A prolapse occurs when the uterus or bladder tilt abnormally, causing pain and discomfort throughout the abdominal area. Board-Certified OB/GYN Dr. John Macey can effectively correct prolapses using laparoscopic procedures, where he returns the organs to their natural position. If you live in the Nashville, Tennessee area, book your appointment online, or call his office to schedule an appointment. His office also serves women living in both Kentucky and Alabama.
A prolapse occurs when the uterus or bladder tilt abnormally, disrupting its ability to function efficiently. The abnormal position can result in a variety of symptoms, including:
You may also feel pressure when sitting. Depending on what organ is prolapsed, it can feel as if you're sitting on a ball or mound. The abnormal position of the prolapse may also cause the abdomen to look distended or misshapen. The location of the prolapse will determine whether or not it's visibly noticeable.
Dr. Macey identifies prolapsed organs in different ways and can detect a prolapsed uterus or bladder by performing a pelvic examination. He can also identify prolapses through the use of ultrasounds. His first indication of a prolapse will be through the symptoms you experience.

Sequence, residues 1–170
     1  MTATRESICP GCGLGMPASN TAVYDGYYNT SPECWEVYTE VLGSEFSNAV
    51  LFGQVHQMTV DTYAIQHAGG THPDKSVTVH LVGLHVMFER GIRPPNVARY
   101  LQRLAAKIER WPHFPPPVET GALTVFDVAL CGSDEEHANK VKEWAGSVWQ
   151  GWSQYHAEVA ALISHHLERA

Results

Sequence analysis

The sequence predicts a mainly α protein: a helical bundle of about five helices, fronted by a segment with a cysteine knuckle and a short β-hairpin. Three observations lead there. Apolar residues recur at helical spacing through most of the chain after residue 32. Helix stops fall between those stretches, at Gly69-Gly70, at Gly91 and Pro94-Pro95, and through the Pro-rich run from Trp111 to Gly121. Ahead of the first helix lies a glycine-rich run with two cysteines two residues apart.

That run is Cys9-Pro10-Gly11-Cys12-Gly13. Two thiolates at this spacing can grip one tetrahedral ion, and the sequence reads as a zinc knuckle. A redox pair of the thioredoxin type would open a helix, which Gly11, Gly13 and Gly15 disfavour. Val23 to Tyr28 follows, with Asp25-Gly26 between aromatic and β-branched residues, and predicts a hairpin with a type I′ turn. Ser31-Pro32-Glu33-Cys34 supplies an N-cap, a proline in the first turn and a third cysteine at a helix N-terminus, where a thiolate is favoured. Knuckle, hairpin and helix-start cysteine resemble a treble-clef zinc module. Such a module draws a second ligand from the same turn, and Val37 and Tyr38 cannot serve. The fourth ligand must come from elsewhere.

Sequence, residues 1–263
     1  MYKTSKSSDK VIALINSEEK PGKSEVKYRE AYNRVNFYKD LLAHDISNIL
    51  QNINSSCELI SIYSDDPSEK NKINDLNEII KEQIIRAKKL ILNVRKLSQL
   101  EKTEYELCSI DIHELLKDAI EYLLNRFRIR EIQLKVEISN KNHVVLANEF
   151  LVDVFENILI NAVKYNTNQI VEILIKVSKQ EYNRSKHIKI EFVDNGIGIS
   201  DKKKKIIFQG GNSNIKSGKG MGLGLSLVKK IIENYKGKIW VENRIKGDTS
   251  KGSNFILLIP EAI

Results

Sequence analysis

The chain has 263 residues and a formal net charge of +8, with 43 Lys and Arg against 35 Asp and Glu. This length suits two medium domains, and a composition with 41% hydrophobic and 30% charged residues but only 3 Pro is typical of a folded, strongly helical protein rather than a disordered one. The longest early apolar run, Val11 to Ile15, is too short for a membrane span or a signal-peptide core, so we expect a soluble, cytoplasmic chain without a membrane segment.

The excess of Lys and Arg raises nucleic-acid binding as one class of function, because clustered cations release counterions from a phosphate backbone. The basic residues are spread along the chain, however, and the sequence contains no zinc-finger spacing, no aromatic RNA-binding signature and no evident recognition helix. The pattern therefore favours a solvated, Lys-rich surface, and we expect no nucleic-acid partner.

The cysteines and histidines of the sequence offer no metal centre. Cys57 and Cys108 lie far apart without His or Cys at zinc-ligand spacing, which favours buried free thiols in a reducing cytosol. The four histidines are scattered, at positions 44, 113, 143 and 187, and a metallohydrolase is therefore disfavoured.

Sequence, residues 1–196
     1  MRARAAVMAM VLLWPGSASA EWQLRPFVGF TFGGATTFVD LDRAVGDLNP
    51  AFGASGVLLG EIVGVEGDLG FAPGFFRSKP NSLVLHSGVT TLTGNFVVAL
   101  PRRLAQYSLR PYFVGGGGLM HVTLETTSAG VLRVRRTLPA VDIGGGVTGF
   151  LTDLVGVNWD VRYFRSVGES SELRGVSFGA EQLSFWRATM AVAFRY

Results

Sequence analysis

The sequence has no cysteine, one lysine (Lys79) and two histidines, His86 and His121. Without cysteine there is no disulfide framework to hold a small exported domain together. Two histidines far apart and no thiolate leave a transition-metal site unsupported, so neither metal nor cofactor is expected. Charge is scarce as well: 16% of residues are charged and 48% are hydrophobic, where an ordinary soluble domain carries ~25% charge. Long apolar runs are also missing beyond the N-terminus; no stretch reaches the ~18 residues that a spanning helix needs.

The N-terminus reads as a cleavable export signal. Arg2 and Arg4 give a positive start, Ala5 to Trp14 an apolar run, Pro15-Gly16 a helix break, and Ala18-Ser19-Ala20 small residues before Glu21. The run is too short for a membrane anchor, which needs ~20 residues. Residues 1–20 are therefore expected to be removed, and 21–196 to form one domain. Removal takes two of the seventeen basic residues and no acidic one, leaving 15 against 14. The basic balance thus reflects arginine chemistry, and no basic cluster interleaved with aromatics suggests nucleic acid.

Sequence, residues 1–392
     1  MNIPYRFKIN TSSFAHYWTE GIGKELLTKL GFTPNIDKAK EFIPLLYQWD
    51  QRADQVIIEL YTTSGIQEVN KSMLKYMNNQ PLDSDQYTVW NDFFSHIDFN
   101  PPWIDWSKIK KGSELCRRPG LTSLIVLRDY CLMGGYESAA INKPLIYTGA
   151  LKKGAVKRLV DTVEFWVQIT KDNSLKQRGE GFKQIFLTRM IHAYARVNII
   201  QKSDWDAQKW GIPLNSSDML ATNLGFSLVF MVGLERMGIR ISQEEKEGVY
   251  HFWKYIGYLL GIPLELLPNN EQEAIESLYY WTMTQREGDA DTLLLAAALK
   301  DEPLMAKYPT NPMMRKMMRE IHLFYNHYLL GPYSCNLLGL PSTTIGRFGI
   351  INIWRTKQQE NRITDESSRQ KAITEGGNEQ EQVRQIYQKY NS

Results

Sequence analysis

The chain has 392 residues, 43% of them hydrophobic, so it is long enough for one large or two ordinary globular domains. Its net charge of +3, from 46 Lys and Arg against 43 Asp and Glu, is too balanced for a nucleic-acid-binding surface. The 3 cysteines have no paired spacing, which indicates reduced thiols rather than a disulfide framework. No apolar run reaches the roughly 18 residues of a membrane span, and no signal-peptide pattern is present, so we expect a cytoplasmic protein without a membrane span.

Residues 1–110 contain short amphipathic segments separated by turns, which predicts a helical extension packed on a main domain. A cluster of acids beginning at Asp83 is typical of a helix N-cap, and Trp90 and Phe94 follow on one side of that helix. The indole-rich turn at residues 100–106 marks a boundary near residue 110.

If Dr. Macey has any questions after performing a pelvic examination, he'll schedule an ultrasound to determine the exact location of the organ. That allows him to formulate a treatment plan to correct the problem, and restore the organ to its original position. Laparoscopic surgery is often required to correct the structural abnormality.
Prolapses are often the result of a weakening in the structures that support the organ. Because the problem has to do with the physical structure of the body, medications won't help. Dr. Macey performs a laparoscopic procedure to repair the damaged structures and provide support that'll hold the organ in its original position.
Dr. Macey may use a mesh sling to support the uterus or the bladder. The sling is attached to the abdominal wall and other structures so that it's able to secure the organ in place without it shifting or falling. He may also have to make surgical repairs to tendons and ligaments if the uterus has started to fall through the pelvic floor, and extend into the vagina.
*Individual results may vary